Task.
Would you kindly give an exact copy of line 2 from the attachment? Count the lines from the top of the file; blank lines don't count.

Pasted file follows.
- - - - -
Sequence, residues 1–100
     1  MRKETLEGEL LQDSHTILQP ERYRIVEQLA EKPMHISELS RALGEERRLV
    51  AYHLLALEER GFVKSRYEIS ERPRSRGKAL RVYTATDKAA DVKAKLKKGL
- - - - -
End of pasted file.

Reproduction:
     1  MRKETLEGEL LQDSHTILQP ERYRIVEQLA EKPMHISELS RALGEERRLV